Protests, outrage & grief in aftermath of fatal shooting of cops in Dallas Live updates
12 July 201604:29 GMT
Protesters with Shut it Down NYC explained the situation that led to the arrest of four participants and the pepper spraying of five others.
Peter Soeller told RT that they began marching at 116th Street and 2nd Avenue in East Harlem on Monday, in order to spread awareness of Kathryn Johnston, a 92-year-old woman who was shot in her home in 2006 during a falsified drug raid.
Soeller described a heavy police presence that followed NYC Shut it Down’s People’s Monday demonstration. Although the group he was marching with had “60 to 80 people, maybe 100,” they were followed by an estimated 30 members of the Strategic Response Group (SRG), a protest police unit.
Soeller explained that around 116th Street between Malcolm X Boulevard and 5th Avenue, people began being arrested.
“One person was arrested on a bike,” Soeller said, “even though he was riding with traffic in the street.”
It was around this time that Soeller felt his eyes burn and realized, “holy sh**, it’s pepper spray.”
Relief came when another person purchased a gallon of milk to use to treat the burning from the pepper spray. About five people were directly affected by the canister.
In total, four people were arrested at this specific demonstration. So far, two have been released.
Soeller plans to return next Monday.
- 01:44 GMT
Arrests have been reported in New York City, along with allegations of pepper spray use by the NYPD on protesters.
- 01:14 GMT
Protesters in Atlanta are reportedly nearing the governor's mansion in the Buckhead district, where there is a massive police presence.
There are at least 100 police cars circling the governor's mansion in Buckhead right now pic.twitter.com/lZbbT5Lhqa— Brian Moote (@MootePoints) July 12, 2016
- 01:00 GMT
In Atlanta, police began making arrests on some people protesting in the street. According to Jim Chambers, a local organizer for Black Lives Matter, the officers gave “no warning, no order,” but “just grabbed a ton of folks.”
11 July 201622:34 GMT
Shooter, a TV drama about a sniper, was set to premier on July 19, but the USA Network has decided “out of respect for the victims, their families and our viewers,” to push it back a week, to July 26, according to the Hollywood Reporter.
Based on the 2007 movie of the same name, Shooter is about a US veteran sniper who must overcome false accusations to be reunited with his family.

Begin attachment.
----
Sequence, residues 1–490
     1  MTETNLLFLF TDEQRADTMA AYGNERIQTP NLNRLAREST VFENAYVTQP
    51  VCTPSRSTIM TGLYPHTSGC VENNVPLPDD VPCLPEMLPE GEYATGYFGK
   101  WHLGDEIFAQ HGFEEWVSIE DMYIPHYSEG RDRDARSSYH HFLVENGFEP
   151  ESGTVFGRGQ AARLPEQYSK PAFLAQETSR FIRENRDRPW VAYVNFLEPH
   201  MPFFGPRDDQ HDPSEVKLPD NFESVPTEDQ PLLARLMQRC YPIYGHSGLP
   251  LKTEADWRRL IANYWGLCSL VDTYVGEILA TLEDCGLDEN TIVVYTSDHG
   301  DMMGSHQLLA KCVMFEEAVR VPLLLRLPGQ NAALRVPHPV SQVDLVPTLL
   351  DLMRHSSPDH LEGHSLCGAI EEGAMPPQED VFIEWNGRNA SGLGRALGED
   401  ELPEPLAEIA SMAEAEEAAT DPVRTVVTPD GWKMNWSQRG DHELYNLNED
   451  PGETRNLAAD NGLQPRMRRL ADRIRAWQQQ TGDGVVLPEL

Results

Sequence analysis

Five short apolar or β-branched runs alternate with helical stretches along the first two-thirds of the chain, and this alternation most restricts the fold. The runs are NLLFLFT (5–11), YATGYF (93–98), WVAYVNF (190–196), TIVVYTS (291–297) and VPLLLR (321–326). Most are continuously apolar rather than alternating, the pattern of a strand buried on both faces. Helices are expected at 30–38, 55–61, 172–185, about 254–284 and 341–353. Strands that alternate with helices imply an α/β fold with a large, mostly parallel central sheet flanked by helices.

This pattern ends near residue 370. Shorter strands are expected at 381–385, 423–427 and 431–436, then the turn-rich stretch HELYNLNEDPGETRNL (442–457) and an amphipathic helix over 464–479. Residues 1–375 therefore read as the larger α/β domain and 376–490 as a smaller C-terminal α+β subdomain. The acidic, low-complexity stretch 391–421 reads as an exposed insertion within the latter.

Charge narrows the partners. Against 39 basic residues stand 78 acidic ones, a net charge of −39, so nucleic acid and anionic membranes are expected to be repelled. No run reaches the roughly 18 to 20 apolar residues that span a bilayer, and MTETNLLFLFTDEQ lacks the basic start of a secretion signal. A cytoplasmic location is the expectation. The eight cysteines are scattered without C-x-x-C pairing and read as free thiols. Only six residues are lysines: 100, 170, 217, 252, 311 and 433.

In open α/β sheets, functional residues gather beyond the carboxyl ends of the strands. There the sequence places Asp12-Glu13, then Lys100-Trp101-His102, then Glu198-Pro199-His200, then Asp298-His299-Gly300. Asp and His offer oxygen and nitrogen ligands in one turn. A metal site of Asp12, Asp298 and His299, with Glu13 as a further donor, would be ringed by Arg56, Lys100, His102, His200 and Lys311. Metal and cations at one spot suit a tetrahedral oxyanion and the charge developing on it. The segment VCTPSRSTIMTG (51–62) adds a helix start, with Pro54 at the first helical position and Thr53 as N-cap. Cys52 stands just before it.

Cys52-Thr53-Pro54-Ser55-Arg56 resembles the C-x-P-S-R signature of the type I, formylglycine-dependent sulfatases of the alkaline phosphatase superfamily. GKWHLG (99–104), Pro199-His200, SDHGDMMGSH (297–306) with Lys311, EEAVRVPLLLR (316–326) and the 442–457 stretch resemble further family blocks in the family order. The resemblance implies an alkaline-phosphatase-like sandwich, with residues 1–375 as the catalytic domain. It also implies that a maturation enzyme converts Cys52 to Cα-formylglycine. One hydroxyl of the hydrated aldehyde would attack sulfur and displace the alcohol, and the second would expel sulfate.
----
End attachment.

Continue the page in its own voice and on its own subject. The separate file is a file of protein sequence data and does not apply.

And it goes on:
- 16:43 GMT
The district attorney in Baton Rouge, Louisiana has recused himself from the investigation into the death of Alton Sterling.
Hillar Moore made the announcement Monday morning, citing a long-term personal and professional relationship with the family of one of the officers involved in the shooting.
The investigation will be conducted by the US Department of Justice.
- 15:42 GMT
Brown called on the public, including protertors, to ensure their safety and not be inconsiderate of the officers’ safety. He said that Thursday march was unplanned, spontaneous and officers improvised to deal w/ that, block traffic.
"Democracy requires participation," Brown said.
- 15:35 GMT
“Me and my family have received death threats almost immediately after shootings,” said Dallas police chief David Brown. He noted that
that everyone is experiencing a heightened awareness of people who i think aren't stable.
- 15:30 GMT
11 officers used their firearms, 2 officers used an explosive devise against the suspect in Dallas shooting, according to Dallas police chief.
He said that out of the 9 officers wounded, 4 were Dallas police, 3 were DART officers, 2 were community college police officers there at el centro.
One of the DART officers that was wounded fired his weapon.
- 14:39 GMT
Dallas gunman Micah Xavier Johnson was "disappointed" by his military experience, his mother, Delphine Johnson, told TheBlaze website
"The military was not what Micah thought it would be," his mother said. "He was very disappointed. Very disappointed."
He had turned from a fun-loving extrovert into a "hermit" after his return from a seven-month deployment to Afghanistan, she added.
"It may be that the ideal that he thought of our government, what he thought the military represented, it just didn’t live up to his expectations,” his mother said.